Isles of Thunder

Up the coast a bit, then some island hopping up to the very north of Croatia.

Sounds simple, doesn’t it?  After all, the road’s bound to be quite flat by the sea.  The islands have much lower hills than the mainland, too.  And there are ferries to cover the little blue bits between the lumps of land.  Definitely pretty simple.

Well, pretty is right.  Not so simple, though.

After just one clear, if slightly too warm, day on the coast (on Wednesday, pic below), the thunder started rolling.

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If you live anywhere in Europe, you’re probably aware of the massive thunderstorms which have been sitting over the central areas of the continent for weeks, causing flooding and hitting people with lightning.  Well, they’ve left the middle of Europe in the last few days, and meandered south to Italy and the Balkans.

Just as I’ve been heading north into them.

Thankfully, while the inland areas appear to be getting absolutely pasted, the storms only occasionally make it across the last range to the islands.  But this makes trying to plan a day’s ride quite tricky.

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As you can see in the picture above (from the very bottom of Pag island), the big clouds and heaviest downpours lurk behind the last range on the mainland.  Then, at a seemingly random point, and with very little warning, they rush out to either electrocute or drown you.  They don’t care which.

As you can also see from the picture, the islands are pretty rocky, and not exactly flush with shelter.  So there’s been quite a bit of ‘ride like mad, hide, check the sky, ride like mad’ etc, etc going on.

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The biggest storms seem to be in the evening (it feels like there’s a cracking one waiting to get going this evening (Saturday), and even then, as you can see above, you can have bright sunshine in one place and the world’s blackest clouds a mile or so away.  It’s all been a bit unpredictable.

The roads and ferries probably haven’t helped that much, although that’s mainly my fault for pathetic levels of research.  I got to Novalja yesterday only to discover that the ferry I thought I was going to get from there doesn’t take bikes.  So today ended up being three ferries (from Pag to the mainland, from the mainland to Rab, and from Rab to Krk – got to love the names of these islands!).

It also cost me an extra 600 vertical metres of climbing, which will also teach me not to assume that coast roads are flat…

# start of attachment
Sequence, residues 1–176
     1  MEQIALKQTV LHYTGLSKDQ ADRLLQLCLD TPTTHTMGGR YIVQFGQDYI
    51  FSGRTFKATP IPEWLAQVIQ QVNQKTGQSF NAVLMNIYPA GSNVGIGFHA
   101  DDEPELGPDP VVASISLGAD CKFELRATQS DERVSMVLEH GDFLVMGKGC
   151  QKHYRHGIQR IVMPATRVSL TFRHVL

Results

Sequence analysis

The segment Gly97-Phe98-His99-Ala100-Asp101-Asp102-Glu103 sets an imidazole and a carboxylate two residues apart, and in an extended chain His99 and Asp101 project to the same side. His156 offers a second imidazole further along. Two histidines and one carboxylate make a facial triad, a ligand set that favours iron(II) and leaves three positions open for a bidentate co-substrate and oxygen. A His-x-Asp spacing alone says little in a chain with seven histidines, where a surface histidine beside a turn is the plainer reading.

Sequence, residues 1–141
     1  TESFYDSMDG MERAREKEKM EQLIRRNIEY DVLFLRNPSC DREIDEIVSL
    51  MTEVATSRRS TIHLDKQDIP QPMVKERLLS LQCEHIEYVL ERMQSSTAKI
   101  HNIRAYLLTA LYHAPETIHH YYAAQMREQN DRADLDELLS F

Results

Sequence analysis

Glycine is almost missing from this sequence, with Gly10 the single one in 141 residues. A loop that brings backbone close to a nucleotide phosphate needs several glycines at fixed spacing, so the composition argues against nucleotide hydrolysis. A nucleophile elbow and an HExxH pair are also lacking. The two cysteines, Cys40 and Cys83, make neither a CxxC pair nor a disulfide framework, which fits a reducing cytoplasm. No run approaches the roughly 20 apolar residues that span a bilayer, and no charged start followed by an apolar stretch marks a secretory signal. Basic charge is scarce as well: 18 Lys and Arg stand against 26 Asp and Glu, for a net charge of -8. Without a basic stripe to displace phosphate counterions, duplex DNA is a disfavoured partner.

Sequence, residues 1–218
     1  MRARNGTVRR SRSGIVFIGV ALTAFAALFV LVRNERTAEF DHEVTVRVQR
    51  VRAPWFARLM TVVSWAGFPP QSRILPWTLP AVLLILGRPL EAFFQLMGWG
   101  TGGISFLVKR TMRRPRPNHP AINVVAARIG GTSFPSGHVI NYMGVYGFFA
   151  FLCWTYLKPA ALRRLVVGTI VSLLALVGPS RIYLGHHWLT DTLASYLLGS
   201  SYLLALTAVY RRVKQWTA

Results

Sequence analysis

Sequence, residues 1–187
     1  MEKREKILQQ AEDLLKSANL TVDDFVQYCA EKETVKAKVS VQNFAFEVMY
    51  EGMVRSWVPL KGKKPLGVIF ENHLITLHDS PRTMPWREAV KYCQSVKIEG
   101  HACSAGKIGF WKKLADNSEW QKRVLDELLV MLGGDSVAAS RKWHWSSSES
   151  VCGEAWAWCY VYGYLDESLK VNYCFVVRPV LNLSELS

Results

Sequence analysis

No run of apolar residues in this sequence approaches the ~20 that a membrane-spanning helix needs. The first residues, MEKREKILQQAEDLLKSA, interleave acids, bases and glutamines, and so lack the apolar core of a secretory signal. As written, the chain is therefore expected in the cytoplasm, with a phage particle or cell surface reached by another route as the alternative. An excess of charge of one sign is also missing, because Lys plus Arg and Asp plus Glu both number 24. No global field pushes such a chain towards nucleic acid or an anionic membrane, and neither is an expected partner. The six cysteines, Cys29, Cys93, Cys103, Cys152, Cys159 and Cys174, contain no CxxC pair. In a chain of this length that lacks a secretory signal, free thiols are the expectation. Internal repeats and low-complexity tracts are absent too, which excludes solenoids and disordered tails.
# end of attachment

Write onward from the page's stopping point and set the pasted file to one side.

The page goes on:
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Still, at least a bit of climbing gets you some decent views (above).  And the scenery remains spectacular.  The hills might be a little smaller, but all the little islands are really pretty.

And a bit of time on ferries lets you have a proper look at the sea (below).  Crystal clear waters and millions of tiny fish sum it up.  The bike wanted a dip after all its hard work.  I had to assure it that if it jumped in, I wasn’t going to be the one to pull it back out; those fish looked like man-eaters…

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But the Beastlet was right; it’s time for a little rest and relaxation.  I’m having my first full rest day tomorrow since Dubrovnik.  Partly because tomorrow’s supposed to be the worst day for storms.

Mainly because Euro 2016 kicked off last night, and England are playing Russia this evening.  A beer or two will probably seem appropriate, so there’s little point in trying to ride tomorrow.  From this point until England (almost inevitably) get knocked out, I’ll have to juggle the riding with both the weather and being near a TV at the appropriate time for the football.  Another complication thrown into that ‘simple’ ride up Croatia.

Still, I’m nearly there now.  I should be able to move back into the mountains, in Slovenia, at some point on Monday.  If the storms and roads play ball; I think I’m done with boats until Calais now…

As a ‘Stop Press’, and in case you’re not following the footy yet, Wales just beat Slovakia in their first game.  Fingers crossed for England this evening…

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